Civil rights icon Rosa Parks passed away at the age of 92 on October 25, 2005, in Detroit, Michigan. Almost six years later, her legacy is still tied up in a lengthy court battle. The case features allegations of abuse, cronyism and corruption by the probate judge as well as the two lawyers he appointed to oversee the estate and trust
It also involves who will receive all of the considerable civil rights memorabilia owned by Rosa Parks when she was alive, and even the rights to use her name and likeness.
Rosa Parks’ will and trust left the majority of her assets to the Rosa and Raymond Parks Institute for Self Development, operated by Rosa Parks’ longtime friend, Elaine Steele. Parks and Steele had formed this Institute. Steele says she was close to Parks for 45 years and that Parks looked at her as the “daughter she never had.”
But the probate judge did not approve of how Steele handled the estate and trust of Rosa Parks and removed Read more…
Ryan O’Neal is at it again. He and Craig Nevius, a Hollywood producer who used to work closely with Farrah Fawcett, are in the midst of more legal fighting against one another.
Initially, they both sued, each claiming the other had exploited Fawcett while she was sick from the cancer that claimed her life. Why? They both said the other had taken advantage of her to produce a documentary about her life and her sickness. Those lawsuits ended when Nevius ran out of money for legal fees.
Now, he has no choice but to continue fighting. Ryan O’Neal — Farrah’s ex and father to Farrah’s son — has sued Nevius again. What’s at stake this time? It’s all about the art.
Specifically, a certain, famed Andy Warhol painting of Fawcett in O’Neal’s possession. O’Neal says Warhol gave it to him years ago. Not everyone thinks he’s being honest though.
In fact, Farrah Fawcett’s Trust, which you can read here, states that her collection of artwork — which may include Read more…
Legal controversy has surrounded the Michael Jackson Estate ever since he died almost two years ago. Trial & Heirs did a year in review article last year; it’s almost time for year two. You can now add a new lawsuit — over $17.5 million worth of insurance — to the list.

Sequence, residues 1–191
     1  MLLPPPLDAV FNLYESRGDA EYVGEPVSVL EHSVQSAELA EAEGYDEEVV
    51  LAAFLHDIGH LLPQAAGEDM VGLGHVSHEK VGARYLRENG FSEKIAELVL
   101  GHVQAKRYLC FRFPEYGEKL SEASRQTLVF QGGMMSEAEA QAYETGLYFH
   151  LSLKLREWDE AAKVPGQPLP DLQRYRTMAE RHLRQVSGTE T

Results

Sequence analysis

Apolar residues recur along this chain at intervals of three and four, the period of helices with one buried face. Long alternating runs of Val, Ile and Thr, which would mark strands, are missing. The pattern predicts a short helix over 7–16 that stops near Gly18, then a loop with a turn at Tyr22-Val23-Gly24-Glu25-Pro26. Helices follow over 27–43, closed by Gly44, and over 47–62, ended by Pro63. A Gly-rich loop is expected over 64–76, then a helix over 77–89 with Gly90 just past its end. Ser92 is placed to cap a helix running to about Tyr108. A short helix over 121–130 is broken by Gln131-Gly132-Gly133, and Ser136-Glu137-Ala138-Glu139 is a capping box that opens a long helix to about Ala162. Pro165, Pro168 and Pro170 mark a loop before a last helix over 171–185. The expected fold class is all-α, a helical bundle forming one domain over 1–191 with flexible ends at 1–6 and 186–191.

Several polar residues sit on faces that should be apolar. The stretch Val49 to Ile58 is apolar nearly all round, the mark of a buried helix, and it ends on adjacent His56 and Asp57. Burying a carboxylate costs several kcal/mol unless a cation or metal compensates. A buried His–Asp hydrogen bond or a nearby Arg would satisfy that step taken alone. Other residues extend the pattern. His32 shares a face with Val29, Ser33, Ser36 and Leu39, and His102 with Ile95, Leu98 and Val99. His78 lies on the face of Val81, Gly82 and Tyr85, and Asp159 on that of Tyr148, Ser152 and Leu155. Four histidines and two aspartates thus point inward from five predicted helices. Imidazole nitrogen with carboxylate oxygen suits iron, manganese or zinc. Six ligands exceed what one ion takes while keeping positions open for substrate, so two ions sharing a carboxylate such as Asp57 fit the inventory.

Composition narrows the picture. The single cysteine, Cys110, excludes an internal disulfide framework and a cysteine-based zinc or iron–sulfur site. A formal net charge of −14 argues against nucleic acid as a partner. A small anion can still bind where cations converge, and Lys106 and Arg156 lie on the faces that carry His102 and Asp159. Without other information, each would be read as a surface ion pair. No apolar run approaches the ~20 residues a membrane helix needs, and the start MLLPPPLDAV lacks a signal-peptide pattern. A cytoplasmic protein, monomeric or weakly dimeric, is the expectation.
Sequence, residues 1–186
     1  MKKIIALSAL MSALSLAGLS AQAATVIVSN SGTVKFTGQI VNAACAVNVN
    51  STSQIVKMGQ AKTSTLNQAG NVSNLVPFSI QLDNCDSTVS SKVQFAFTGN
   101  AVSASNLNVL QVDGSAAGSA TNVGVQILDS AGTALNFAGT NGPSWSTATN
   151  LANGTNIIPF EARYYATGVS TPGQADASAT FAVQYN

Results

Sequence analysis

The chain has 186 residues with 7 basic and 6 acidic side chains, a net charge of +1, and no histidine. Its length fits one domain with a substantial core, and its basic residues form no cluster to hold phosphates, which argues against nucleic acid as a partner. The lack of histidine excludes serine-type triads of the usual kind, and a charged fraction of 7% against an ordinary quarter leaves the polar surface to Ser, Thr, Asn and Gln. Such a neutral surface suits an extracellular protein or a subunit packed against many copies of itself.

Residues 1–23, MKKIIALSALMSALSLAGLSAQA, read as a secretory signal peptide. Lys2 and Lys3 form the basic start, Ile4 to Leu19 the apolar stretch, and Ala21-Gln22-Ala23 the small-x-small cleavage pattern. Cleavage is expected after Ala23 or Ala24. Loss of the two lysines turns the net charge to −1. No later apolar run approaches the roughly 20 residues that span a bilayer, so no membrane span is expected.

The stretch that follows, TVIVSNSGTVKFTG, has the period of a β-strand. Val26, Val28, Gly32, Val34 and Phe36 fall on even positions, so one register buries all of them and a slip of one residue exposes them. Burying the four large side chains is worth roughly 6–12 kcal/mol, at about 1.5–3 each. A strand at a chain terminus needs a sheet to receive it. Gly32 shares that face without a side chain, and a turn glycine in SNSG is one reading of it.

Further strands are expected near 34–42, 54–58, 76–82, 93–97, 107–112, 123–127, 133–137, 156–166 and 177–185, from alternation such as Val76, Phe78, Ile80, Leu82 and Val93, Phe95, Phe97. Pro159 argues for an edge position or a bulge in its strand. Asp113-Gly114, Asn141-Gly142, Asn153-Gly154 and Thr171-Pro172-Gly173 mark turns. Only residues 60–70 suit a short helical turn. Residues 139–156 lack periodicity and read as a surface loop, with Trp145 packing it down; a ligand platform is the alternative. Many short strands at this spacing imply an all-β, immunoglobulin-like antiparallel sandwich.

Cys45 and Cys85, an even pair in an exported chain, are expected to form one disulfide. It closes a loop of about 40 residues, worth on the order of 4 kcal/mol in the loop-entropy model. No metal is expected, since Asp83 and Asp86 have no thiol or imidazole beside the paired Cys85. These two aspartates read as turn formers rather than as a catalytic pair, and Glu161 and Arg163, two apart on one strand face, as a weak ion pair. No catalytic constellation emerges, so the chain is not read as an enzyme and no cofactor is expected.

Concert promoter AEG Live took out the large insurance policy over Michael Jackson in case he died and was unable to perform the “This Is It” concert tour. Of course, that’s exactly what happened, showing that AEG was smart to take that precaution. Reportedly, AEG spent some $20 to $25 million on the tour before the King of Pop’s death, and this insurance was supposed to protect that investment. Both AEG and a Michael Jackson limited liability company that is controlled by the Estate were named as beneficiaries eligible to collect that money under the policy.
Michael Jackson Estate Insurance Claim Update
But, AEG and the Estate haven’t collected this money yet … and both are now embroiled in Read more…
While Whitney Houston was reportedly just admitted to rehab, she has one other concern that she still has to face — her no-holds-barred court fight with her late father’s widow.
In Trial & Heirs: Famous Fortune Fights!, Andy and Danielle Mayoras discuss the lawsuit involving Whitney Houston against Barbara Houston over a one million dollar life insurance policy.
You can read about Whitney’s battle against her “step-mother”, including how Whitney used the public lawsuit to attack Barbara Houston and her relationship with Whitney’s father, in this excerpt from Trial & Heirs that was featured on The Huffington Post.
The case has now moved on to the Court of Appeals after Whitney scored a big victory in the United States District Court for the District of New Jersey late in 2010. The Judge ruled in her favor, even though he first discussed multiple letters sent between various of Whitney Houston’s accountants and attorneys; several letters validated Barbara Houston’s claim.
These letters supported Barbara’s position that the one million dollar Read more…
Irvin Feld was a rock-and-roll promoter who purchased “The Greatest Show on Earth” in 1967. He created a promotion company to manage the Ringling Bros. Circus, along with Disney on Ice and monster truck shows, but none of his shows have been as eventful as what’s happened between his two children the last few years.
Feld died in his sleep in 1984. He left most of his assets and his business to his son, Kenneth. His daughter, Karen, reportedly received very little and sued her brother claiming he tried to kick her out of her house. They settled and she was allowed to remain.
Karen also sued Kenneth when he was the trustee of a $5 million trust that their uncle set up for them; that was recently settled as well. The siblings agreed to divide the trust in two so Kenneth would not manage the money left in trust for Karen.
But neither of those fights are the ones that produced so much drama. Rather, the big fight started Read more…